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4 Things Every Expat Should Know About Investing

Written by Jimmy Rustling

Relying on your income is never a good financial practice. Most experts advise investing in growing your money. Even if you’re an expat living abroad, there are plenty of ways you can create an investment portfolio with favourable returns. All you need is a better understanding of how investing works when you’re living or working away from your home country. Of course, the common factors that will impact your finances are taxes and foreign currencies. Nevertheless, don’t be afraid to take risks from time to time. As long as you begin with the proper foundation, have the right knowledge, and enlist the help of an expert, you’ll be set on the right path.

The relationship between risk and return

Our basic understanding of risk involves the likelihood of losing money in a particular investment. On the other hand, returns simply refer to how much you earned in an investment over a specific time. But investment experts at tailormadepensions.eu look at these terms in a more complex manner. For instance, your financial advisor views risk as the measurable deviation of your actual returns from the expected return. Also, both risk and return are measurable either on a short-term or a long-term basis. In general, every investor should be willing to take on more risk in the hope of getting higher returns.

Diversifying your investment portfolio

Diversification is an essential investment strategy, whether you’re an expat or not. An expat’s investment portfolio may include offshore bonds, stocks, real estate, and pension funds. For example, if you’re investing in stocks, it’s a better option to purchase stocks within an entire class. By having a broad range of companies within one class included in your stock portfolio, you can compensate for the loss in some of the companies with the expected growth in the others.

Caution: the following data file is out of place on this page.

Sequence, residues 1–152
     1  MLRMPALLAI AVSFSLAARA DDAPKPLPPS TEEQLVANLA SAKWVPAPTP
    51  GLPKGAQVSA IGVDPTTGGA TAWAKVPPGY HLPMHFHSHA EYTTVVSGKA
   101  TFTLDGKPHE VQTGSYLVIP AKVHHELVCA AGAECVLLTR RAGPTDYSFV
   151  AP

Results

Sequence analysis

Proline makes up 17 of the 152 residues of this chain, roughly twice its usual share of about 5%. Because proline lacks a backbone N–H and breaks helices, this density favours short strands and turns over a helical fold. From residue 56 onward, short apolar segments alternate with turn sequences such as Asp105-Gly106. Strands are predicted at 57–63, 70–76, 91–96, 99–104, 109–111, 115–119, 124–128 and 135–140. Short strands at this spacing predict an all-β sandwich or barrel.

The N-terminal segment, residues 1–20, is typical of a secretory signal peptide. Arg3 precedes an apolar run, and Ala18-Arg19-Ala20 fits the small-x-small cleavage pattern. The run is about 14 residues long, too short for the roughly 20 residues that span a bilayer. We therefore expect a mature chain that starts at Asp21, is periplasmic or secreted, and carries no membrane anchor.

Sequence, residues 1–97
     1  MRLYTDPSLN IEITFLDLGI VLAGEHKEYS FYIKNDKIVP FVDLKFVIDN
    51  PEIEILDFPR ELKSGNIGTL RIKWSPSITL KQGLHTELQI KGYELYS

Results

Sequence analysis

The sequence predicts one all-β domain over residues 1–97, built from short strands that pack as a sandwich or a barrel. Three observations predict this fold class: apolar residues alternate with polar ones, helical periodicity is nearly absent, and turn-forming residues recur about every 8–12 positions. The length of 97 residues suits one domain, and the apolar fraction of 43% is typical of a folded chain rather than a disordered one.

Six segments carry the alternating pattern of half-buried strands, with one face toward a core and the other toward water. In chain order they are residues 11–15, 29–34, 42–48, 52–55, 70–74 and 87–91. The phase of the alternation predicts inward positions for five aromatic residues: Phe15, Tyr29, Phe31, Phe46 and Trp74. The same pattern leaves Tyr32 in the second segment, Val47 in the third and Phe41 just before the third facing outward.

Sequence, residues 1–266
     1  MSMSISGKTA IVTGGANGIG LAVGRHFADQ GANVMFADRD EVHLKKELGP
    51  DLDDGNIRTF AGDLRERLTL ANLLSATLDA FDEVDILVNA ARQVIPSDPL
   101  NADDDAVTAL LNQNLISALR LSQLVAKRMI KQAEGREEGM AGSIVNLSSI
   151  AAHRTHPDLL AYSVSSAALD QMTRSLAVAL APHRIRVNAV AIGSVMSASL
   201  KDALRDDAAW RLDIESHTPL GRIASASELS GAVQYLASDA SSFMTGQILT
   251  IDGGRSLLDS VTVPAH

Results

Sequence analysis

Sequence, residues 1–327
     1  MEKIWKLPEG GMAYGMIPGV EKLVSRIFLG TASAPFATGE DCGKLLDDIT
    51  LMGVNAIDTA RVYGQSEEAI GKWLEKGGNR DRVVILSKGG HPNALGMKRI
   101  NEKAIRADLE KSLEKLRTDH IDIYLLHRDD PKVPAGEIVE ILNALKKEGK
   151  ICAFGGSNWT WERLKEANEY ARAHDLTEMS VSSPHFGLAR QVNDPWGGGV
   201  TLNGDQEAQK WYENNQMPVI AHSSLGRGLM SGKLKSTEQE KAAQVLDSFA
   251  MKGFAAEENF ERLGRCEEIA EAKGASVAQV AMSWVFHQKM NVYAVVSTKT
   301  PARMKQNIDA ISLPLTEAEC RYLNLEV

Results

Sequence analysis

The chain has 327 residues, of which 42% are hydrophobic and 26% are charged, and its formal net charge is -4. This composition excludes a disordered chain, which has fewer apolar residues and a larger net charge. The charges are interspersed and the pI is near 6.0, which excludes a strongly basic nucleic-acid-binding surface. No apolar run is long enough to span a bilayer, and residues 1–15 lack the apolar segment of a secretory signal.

Allocating your assets

One of the best ways to drive long-term returns in your investments is to allocate assets the right way. Instead of focusing on timing and market behaviour, the better strategy would be to allocate your assets with a higher number of high-risk, high-return assets. If you want better results over time, you need to be more aggressive in your investment strategy by investing in commercial property. Yes, there may be unprofitable years, but it’s to be expected when you’re a risk-taker.

Managing your expectations on returns

Being realistic with returns is critical when it’s your first time investing. Depending on the type of portfolio you have, you’ll be exposed to a variety of risks. If you’re an expat, you’ll need to pay attention to opportunities that will allow you to increase your returns. For instance, are there investment options that also include tax breaks? How about fees and charges? Will you be able to maximise returns while also reducing additional fees? Your wealth manager should be able to show you a big picture of what to expect, depending on your risk strategy.

Final thoughts

Investing money can be tricky, confusing, frustrating, but highly rewarding if you do it right. Working and living abroad gives you plenty of opportunities to explore what you can do with your money. Instead of letting your funds sit in your account, think about your options and consult an expert so that you can start now and reap the benefits before you retire.

Image: https://unsplash.com/photos/qwtCeJ5cLYs

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About the author

Jimmy Rustling

Born at an early age, Jimmy Rustling has found solace and comfort knowing that his humble actions have made this multiverse a better place for every man, woman and child ever known to exist. Dr. Jimmy Rustling has won many awards for excellence in writing including fourteen Peabody awards and a handful of Pulitzer Prizes. When Jimmies are not being Rustled the kind Dr. enjoys being an amazing husband to his beautiful, soulmate; Anastasia, a Russian mail order bride of almost 2 months. Dr. Rustling also spends 12-15 hours each day teaching their adopted 8-year-old Syrian refugee daughter how to read and write.